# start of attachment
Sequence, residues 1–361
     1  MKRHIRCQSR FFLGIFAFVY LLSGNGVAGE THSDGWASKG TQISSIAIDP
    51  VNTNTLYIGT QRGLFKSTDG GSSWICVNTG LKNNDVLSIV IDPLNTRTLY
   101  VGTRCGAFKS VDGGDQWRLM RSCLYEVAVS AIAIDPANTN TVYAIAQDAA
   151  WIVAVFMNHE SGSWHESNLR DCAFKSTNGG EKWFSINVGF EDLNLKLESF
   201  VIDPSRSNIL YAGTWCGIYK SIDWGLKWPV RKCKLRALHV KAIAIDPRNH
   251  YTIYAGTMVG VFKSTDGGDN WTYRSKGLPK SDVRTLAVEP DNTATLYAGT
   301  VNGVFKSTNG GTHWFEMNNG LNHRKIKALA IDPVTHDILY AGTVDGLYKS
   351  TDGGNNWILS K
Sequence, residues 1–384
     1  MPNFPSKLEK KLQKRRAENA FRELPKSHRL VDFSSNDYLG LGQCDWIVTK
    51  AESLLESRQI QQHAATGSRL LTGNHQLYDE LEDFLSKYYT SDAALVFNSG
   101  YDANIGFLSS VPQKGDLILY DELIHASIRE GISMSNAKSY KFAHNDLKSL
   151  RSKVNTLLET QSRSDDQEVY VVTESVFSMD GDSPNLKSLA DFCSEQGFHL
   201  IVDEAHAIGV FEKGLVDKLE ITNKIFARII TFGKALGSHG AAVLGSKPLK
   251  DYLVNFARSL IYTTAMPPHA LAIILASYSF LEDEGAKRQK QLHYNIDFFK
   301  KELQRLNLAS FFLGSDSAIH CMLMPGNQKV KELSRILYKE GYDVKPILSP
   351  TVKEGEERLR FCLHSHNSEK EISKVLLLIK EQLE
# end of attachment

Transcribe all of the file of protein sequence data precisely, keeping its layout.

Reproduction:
Sequence, residues 1–361
     1  MKRHIRCQSR FFLGIFAFVY LLSGNGVAGE THSDGWASKG TQISSIAIDP
    51  VNTNTLYIGT QRGLFKSTDG GSSWICVNTG LKNNDVLSIV IDPLNTRTLY
   101  VGTRCGAFKS VDGGDQWRLM RSCLYEVAVS AIAIDPANTN TVYAIAQDAA
   151  WIVAVFMNHE SGSWHESNLR DCAFKSTNGG EKWFSINVGF EDLNLKLESF
   201  VIDPSRSNIL YAGTWCGIYK SIDWGLKWPV RKCKLRALHV KAIAIDPRNH
   251  YTIYAGTMVG VFKSTDGGDN WTYRSKGLPK SDVRTLAVEP DNTATLYAGT
   301  VNGVFKSTNG GTHWFEMNNG LNHRKIKALA IDPVTHDILY AGTVDGLYKS
   351  TDGGNNWILS K
Sequence, residues 1–384
     1  MPNFPSKLEK KLQKRRAENA FRELPKSHRL VDFSSNDYLG LGQCDWIVTK
    51  AESLLESRQI QQHAATGSRL LTGNHQLYDE LEDFLSKYYT SDAALVFNSG
   101  YDANIGFLSS VPQKGDLILY DELIHASIRE GISMSNAKSY KFAHNDLKSL
   151  RSKVNTLLET QSRSDDQEVY VVTESVFSMD GDSPNLKSLA DFCSEQGFHL
   201  IVDEAHAIGV FEKGLVDKLE ITNKIFARII TFGKALGSHG AAVLGSKPLK
   251  DYLVNFARSL IYTTAMPPHA LAIILASYSF LEDEGAKRQK QLHYNIDFFK
   301  KELQRLNLAS FFLGSDSAIH CMLMPGNQKV KELSRILYKE GYDVKPILSP
   351  TVKEGEERLR FCLHSHNSEK EISKVLLLIK EQLE